side from having a way to deal with players within the context of the story, you need to handle players’ questions outside the story. During the first half-hour of a game, it’s a good idea to keep a Narrator “out of game” to answer any questions players might have. When players step out of character to ask questions, you don’t want them in the main playing area. Set the “outside” Narrator up in another room. The most important thing to remember when interacting with players is to never remind them they are playing a game; addressing a Narrator as a Narrator does just that.
You may occasionally need to impart information that a character cannot offer. You have to provide such information as discreetly as possible without distracting players from their characters. Shadows are the best way to go about doing this; remember that they may have access to the Spectres’ hive mind if you need to explain where the info came from.
If you want to be stylish about offering game information to players, you can prepare notes for Narrators to hand to players who discover things. You can also put notes in closed envelopes where clues might be found. You can write requirements on the outside of the envelope, requirements that must be met before the player may look at the clue within.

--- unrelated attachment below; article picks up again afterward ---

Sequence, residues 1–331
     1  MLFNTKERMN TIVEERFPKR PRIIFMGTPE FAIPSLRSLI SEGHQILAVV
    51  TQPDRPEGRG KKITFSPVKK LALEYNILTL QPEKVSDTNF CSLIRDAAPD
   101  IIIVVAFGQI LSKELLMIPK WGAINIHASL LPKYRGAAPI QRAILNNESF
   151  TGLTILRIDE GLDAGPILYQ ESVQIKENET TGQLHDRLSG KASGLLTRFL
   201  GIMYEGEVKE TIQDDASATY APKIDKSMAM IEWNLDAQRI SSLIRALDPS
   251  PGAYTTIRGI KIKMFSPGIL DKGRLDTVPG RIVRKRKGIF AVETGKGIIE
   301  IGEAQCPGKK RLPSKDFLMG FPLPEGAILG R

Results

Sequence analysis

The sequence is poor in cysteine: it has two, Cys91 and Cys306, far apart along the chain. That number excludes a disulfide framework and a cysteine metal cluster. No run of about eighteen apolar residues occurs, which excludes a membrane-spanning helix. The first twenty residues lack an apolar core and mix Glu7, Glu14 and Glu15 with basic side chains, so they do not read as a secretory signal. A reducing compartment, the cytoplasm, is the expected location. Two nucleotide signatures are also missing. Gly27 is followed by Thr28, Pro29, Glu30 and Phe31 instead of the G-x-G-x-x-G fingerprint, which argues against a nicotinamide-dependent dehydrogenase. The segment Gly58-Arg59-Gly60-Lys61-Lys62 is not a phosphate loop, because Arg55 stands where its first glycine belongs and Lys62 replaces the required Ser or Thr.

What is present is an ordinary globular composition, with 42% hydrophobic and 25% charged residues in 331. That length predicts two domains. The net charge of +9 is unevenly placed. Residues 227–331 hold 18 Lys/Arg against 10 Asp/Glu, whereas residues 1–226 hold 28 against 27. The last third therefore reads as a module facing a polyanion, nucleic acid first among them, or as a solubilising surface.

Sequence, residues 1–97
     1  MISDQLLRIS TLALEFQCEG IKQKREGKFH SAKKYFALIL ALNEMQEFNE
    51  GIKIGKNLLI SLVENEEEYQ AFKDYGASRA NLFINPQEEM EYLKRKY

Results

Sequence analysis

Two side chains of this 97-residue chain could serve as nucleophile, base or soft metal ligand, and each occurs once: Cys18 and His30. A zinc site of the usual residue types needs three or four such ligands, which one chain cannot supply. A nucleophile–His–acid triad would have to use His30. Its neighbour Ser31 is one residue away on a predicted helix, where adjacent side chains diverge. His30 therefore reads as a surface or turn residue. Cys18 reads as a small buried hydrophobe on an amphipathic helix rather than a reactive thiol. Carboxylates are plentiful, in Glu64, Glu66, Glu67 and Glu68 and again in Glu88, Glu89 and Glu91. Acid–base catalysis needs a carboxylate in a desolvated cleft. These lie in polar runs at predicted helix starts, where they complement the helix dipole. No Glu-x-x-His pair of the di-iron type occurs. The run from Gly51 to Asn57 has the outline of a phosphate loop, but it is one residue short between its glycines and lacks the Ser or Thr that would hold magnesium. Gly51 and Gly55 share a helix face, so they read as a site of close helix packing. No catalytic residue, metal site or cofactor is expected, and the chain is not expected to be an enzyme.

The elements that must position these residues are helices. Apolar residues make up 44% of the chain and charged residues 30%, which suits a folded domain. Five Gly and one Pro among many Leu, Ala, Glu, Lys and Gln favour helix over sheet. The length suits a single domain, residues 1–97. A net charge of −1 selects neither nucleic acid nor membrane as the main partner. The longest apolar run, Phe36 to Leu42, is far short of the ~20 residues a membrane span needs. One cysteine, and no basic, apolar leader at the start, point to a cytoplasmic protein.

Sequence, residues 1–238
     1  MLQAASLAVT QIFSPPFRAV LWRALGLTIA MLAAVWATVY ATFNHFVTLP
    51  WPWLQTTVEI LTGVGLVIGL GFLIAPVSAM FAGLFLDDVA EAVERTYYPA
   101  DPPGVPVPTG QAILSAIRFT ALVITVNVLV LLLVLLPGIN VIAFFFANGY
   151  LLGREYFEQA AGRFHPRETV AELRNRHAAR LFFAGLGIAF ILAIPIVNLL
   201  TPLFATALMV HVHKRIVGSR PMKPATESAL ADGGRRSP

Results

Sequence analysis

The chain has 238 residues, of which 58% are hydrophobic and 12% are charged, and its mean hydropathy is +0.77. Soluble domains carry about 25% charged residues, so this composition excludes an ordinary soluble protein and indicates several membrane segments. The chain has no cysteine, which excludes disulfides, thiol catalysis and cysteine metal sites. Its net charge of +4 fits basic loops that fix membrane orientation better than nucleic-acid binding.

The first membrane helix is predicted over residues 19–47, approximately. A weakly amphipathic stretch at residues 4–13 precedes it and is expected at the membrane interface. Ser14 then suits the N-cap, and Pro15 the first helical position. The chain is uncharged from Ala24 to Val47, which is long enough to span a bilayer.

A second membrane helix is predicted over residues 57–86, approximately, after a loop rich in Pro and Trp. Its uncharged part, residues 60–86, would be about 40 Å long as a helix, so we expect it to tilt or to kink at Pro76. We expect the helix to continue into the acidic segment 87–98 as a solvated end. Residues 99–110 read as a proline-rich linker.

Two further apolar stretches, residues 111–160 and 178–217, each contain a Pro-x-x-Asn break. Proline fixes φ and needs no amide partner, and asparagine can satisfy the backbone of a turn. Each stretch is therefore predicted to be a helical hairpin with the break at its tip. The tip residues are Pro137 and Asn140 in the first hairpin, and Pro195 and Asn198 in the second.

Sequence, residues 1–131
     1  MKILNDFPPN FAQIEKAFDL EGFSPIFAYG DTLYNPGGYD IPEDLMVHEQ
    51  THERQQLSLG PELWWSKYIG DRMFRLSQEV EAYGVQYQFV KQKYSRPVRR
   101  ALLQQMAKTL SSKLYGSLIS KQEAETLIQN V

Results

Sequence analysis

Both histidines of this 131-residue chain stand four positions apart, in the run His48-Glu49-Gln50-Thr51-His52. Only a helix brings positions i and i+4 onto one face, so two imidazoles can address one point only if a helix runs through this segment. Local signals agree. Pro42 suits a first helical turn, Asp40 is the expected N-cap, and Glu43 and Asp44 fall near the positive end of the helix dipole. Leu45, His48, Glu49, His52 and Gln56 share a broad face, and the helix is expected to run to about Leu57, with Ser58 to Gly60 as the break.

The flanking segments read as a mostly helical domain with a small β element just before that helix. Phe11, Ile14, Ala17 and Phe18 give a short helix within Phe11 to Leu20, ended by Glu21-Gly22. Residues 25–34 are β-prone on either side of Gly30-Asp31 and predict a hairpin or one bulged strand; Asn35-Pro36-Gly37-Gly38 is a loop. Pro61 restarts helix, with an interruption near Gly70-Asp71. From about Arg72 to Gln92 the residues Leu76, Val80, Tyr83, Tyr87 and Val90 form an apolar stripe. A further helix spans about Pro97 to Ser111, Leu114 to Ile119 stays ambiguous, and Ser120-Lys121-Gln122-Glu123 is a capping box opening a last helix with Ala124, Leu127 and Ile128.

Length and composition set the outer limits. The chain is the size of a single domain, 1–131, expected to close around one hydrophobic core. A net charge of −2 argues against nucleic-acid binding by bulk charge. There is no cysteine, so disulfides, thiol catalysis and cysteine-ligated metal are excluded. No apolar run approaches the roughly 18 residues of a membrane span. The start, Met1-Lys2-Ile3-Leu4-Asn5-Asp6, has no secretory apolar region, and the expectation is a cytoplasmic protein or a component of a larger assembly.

One thing you want to avoid when dealing with players is letting them overuse Narrators. Players may try to use Narrators as messengers, to summon other characters, or to try new and interesting abuses of Arcanoi. If a player asks for such favors too often, Narrators can simply refuse their help. Especially in Oblivion, with the added tasks of Shadowguiding and running Harrowings, Narrators are simply in to short a supply to allow them to become hostages to characters or roles.